According to the law, if the eight deputies are banned and if the other DTP deputies resign from Parliament, the General Assembly must approve their resignations. If the General Assembly gives its approval, 21 more seats in Parliament would be vacant in addition to the three that are already vacant. The minimum number of vacancies needed to hold an interim election is 28.

Yildiz pointed out that if they pull out from Parliament and that if interim elections appear on the agenda, they will boycott the elections, too.

"There is no reason to play the game by the same rules," he said.

Although the possibility of interim elections would be low if the DTP withdraws, Parliament's legitimacy in terms of representation would be questionable.

After the general elections in 2007, one of the praises for the new Parliament was its representative power. Participation in the elections was high, and different political views are reflected in Parliament.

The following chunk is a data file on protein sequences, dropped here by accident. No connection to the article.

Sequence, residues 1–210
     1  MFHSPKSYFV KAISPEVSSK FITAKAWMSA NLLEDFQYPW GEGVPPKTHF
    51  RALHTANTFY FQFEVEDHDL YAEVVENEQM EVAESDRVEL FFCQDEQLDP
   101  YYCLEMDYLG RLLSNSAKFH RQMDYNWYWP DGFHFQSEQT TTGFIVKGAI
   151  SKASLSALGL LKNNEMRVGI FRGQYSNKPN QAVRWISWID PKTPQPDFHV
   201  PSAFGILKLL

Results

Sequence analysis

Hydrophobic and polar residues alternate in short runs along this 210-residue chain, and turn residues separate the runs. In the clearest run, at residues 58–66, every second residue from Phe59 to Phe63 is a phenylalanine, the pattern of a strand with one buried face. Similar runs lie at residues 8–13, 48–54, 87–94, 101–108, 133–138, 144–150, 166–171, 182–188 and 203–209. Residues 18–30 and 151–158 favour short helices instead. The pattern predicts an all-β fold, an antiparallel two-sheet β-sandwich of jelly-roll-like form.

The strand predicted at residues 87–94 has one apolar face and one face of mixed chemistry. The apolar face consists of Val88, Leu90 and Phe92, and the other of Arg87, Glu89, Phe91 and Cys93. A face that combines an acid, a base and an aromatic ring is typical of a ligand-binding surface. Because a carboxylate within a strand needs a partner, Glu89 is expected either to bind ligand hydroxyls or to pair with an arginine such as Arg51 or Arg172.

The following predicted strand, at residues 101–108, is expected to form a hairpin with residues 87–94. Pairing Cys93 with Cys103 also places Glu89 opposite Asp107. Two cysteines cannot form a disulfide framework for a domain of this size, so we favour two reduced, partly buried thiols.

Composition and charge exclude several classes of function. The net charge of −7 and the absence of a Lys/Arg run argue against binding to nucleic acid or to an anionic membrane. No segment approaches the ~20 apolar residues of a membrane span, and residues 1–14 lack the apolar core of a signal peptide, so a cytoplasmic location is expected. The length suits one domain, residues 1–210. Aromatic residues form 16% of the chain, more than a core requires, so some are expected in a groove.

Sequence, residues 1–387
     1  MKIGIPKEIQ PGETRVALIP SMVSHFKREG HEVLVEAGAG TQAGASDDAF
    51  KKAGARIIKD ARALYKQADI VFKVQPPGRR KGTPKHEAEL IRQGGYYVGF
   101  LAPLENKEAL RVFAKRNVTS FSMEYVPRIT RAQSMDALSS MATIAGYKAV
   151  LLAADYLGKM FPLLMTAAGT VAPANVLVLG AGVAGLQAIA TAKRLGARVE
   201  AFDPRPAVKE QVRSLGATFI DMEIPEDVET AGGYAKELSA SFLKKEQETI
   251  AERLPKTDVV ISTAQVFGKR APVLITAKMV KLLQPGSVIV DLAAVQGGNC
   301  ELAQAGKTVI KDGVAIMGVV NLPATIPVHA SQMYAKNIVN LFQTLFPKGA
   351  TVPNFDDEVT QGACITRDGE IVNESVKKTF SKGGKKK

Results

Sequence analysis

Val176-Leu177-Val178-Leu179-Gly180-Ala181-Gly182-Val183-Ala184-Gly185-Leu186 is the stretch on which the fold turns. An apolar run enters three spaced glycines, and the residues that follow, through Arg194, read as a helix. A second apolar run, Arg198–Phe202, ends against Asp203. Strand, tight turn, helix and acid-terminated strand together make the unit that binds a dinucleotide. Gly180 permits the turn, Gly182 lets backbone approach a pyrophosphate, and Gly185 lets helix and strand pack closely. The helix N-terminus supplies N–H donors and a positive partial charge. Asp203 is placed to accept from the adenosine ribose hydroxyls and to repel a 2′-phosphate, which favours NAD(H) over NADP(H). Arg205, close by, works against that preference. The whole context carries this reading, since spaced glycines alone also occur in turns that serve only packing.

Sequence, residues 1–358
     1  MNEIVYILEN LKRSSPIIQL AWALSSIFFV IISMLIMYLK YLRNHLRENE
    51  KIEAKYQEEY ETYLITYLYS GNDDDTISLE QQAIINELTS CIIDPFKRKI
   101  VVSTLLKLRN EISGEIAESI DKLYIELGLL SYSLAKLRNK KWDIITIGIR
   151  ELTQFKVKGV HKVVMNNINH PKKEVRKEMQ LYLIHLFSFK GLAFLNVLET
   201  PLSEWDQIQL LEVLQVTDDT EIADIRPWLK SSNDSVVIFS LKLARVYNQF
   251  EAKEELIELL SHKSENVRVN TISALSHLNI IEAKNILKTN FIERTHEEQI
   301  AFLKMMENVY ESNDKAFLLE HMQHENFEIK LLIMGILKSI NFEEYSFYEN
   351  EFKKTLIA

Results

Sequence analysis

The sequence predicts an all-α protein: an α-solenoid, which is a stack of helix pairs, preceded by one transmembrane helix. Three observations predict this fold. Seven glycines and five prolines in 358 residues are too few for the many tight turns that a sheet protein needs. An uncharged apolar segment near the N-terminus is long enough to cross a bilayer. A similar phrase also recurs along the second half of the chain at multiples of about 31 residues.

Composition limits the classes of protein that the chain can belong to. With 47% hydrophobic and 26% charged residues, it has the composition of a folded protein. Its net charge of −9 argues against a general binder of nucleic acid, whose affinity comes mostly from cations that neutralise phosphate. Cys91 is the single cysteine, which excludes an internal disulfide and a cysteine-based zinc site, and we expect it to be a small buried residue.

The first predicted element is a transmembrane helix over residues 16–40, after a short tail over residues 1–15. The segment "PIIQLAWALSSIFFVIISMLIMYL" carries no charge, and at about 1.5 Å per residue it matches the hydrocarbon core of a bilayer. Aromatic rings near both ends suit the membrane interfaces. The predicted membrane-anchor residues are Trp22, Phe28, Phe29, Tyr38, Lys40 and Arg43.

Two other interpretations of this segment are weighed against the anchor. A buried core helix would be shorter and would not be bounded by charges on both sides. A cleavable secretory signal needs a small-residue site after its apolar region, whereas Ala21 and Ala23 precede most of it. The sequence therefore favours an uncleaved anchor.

DTP says criticism distorts content of book

Leaders of the Democratic Society Party (DTP) issued a statement yesterday regarding criticism of a book titled "The Democratic Solution Project Regarding the Kurdish Question," which has sparked an adverse reaction in Parliament. The DTP figures said that criticism skewed the content of the book, which was sent to deputies.

"The DTP has been accused of a prejudiced approach of 'requesting [the creation of] a federation' [within Turkey]. But there is no approach envisioning a federation in the DTP's program or its discourse or any project it has set forth." DTP Muş deputy Sirri Sakik said the book had been criticized without being read. "There is no damage to the state's [integrity] in the book, nor to its oneness, nor to its flag," he said. He explained the goal of dividing Turkey into 20 to 25 regions and electing governors by the people by saying: "This is not a recommendation for the Kurdish geography alone. This is a recommendation that concerns all quarters of Turkey. It's designed to ensure the administration's [ability] to make [proper] decisions there." Ankara Today's Zaman